Previous redistrictings had been executed by political pros with intimate knowledge of California’s sprawling political geography. The commissioners had little of that expertise — and one of their first acts was to deprive themselves of the data that might have helped them spot partisan manipulation.
The law creating the commission barred it from considering incumbents’ addresses, and instructed it not to draw districts for partisan reasons.
The commissioners decided to go further, agreeing not to even look at data that would tell them how prospective maps affected the fortunes of Democrats or Republicans. This left the commissioners effectively blind to the sort of influence the Democrats were planning.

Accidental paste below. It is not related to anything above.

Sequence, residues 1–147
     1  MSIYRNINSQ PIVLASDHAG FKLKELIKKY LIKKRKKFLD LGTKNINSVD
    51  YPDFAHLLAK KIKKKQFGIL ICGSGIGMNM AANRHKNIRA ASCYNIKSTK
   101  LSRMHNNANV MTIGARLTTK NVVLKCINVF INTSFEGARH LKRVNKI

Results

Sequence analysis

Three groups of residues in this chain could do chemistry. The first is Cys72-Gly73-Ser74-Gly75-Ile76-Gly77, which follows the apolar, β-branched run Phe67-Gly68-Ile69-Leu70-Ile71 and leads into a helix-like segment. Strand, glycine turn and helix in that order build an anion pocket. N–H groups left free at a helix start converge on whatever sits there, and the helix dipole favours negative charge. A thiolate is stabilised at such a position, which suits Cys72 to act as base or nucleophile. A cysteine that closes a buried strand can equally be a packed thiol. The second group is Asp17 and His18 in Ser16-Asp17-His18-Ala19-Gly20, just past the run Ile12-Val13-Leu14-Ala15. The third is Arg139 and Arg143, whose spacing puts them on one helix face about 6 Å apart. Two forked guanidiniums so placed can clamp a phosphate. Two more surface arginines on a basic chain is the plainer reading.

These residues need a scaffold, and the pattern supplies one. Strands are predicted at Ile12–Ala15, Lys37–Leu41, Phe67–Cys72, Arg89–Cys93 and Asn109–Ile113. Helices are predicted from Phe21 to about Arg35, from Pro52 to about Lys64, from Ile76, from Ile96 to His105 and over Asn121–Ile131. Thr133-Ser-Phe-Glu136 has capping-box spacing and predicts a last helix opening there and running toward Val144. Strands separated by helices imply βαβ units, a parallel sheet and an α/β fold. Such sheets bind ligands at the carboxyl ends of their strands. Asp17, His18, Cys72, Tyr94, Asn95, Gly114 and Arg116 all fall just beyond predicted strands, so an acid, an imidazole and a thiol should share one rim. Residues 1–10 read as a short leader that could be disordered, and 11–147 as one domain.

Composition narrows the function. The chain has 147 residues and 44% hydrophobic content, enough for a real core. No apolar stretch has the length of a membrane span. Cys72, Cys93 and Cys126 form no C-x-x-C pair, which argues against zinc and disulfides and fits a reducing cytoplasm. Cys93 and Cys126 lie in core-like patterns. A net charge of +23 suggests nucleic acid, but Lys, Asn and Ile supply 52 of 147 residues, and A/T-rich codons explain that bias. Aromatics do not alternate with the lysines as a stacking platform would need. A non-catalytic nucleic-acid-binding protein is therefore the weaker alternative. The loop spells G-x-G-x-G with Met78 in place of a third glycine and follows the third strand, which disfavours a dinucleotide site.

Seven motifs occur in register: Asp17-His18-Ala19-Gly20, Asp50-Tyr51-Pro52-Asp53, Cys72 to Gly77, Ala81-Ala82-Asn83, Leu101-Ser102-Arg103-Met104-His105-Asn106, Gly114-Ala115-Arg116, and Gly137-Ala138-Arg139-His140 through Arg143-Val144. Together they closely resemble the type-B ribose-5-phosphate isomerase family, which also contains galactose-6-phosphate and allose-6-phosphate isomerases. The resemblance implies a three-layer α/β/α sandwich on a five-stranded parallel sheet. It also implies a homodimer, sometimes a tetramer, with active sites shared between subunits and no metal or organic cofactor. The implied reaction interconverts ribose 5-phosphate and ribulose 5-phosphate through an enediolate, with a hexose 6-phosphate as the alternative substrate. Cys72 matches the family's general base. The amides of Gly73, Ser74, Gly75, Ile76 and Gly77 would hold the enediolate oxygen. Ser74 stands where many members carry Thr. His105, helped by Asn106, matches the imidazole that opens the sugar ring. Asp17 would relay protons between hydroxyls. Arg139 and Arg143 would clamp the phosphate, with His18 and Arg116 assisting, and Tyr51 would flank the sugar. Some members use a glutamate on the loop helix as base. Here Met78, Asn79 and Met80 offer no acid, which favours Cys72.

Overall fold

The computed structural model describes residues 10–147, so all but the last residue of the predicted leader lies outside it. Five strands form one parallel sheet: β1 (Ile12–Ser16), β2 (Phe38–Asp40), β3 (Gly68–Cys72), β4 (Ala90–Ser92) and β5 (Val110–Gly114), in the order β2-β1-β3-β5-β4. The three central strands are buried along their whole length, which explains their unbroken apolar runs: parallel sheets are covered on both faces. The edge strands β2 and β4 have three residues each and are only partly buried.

The commissioners were “civilian” volunteers who were holding down day jobs. They had neither the know-how nor the resources to winnow the wheat from the chaff, and in defensive attempts to limit input ended up shutting down legitimate citizen participation as well.
Reaction to the report, unsurprisingly, depended upon party affiliation.